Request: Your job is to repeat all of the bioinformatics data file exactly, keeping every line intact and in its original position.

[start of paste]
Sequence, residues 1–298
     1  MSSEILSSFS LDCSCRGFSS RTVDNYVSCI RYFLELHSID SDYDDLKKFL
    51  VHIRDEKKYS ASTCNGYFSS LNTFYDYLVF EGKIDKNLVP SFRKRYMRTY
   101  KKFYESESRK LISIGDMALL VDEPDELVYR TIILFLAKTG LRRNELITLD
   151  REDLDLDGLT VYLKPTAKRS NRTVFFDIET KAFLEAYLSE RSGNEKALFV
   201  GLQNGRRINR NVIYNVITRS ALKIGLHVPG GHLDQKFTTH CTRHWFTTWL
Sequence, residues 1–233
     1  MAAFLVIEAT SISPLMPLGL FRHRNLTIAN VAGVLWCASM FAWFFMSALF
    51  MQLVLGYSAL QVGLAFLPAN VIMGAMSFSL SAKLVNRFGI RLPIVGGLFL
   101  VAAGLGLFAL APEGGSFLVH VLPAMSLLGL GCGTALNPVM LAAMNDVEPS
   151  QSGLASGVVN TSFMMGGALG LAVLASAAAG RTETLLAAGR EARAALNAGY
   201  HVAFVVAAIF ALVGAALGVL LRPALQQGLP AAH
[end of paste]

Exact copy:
Sequence, residues 1–298
     1  MSSEILSSFS LDCSCRGFSS RTVDNYVSCI RYFLELHSID SDYDDLKKFL
    51  VHIRDEKKYS ASTCNGYFSS LNTFYDYLVF EGKIDKNLVP SFRKRYMRTY
   101  KKFYESESRK LISIGDMALL VDEPDELVYR TIILFLAKTG LRRNELITLD
   151  REDLDLDGLT VYLKPTAKRS NRTVFFDIET KAFLEAYLSE RSGNEKALFV
   201  GLQNGRRINR NVIYNVITRS ALKIGLHVPG GHLDQKFTTH CTRHWFTTWL
Sequence, residues 1–233
     1  MAAFLVIEAT SISPLMPLGL FRHRNLTIAN VAGVLWCASM FAWFFMSALF
    51  MQLVLGYSAL QVGLAFLPAN VIMGAMSFSL SAKLVNRFGI RLPIVGGLFL
   101  VAAGLGLFAL APEGGSFLVH VLPAMSLLGL GCGTALNPVM LAAMNDVEPS
   151  QSGLASGVVN TSFMMGGALG LAVLASAAAG RTETLLAAGR EARAALNAGY
   201  HVAFVVAAIF ALVGAALGVL LRPALQQGLP AAH